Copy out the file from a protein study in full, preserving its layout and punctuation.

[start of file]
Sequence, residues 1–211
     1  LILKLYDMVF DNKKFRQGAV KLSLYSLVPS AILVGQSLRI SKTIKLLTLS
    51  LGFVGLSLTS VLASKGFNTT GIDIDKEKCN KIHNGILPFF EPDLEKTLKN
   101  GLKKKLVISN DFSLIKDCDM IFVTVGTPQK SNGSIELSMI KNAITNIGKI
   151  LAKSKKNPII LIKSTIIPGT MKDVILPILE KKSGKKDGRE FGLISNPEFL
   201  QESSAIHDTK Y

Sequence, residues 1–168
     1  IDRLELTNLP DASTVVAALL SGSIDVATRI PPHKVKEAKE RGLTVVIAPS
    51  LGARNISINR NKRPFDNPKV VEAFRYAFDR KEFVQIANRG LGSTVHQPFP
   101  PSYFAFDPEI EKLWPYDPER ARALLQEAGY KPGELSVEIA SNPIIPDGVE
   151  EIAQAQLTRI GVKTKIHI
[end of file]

Sequence, residues 1–211
     1  LILKLYDMVF DNKKFRQGAV KLSLYSLVPS AILVGQSLRI SKTIKLLTLS
    51  LGFVGLSLTS VLASKGFNTT GIDIDKEKCN KIHNGILPFF EPDLEKTLKN
   101  GLKKKLVISN DFSLIKDCDM IFVTVGTPQK SNGSIELSMI KNAITNIGKI
   151  LAKSKKNPII LIKSTIIPGT MKDVILPILE KKSGKKDGRE FGLISNPEFL
   201  QESSAIHDTK Y

Sequence, residues 1–168
     1  IDRLELTNLP DASTVVAALL SGSIDVATRI PPHKVKEAKE RGLTVVIAPS
    51  LGARNISINR NKRPFDNPKV VEAFRYAFDR KEFVQIANRG LGSTVHQPFP
   101  PSYFAFDPEI EKLWPYDPER ARALLQEAGY KPGELSVEIA SNPIIPDGVE
   151  EIAQAQLTRI GVKTKIHI